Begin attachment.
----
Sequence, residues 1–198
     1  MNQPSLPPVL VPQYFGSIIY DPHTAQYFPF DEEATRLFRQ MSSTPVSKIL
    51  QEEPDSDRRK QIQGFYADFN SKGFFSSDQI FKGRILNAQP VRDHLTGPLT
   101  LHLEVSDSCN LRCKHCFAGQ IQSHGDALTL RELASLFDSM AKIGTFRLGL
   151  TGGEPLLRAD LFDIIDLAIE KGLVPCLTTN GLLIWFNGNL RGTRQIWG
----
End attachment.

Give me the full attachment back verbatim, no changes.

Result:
Sequence, residues 1–198
     1  MNQPSLPPVL VPQYFGSIIY DPHTAQYFPF DEEATRLFRQ MSSTPVSKIL
    51  QEEPDSDRRK QIQGFYADFN SKGFFSSDQI FKGRILNAQP VRDHLTGPLT
   101  LHLEVSDSCN LRCKHCFAGQ IQSHGDALTL RELASLFDSM AKIGTFRLGL
   151  TGGEPLLRAD LFDIIDLAIE KGLVPCLTTN GLLIWFNGNL RGTRQIWG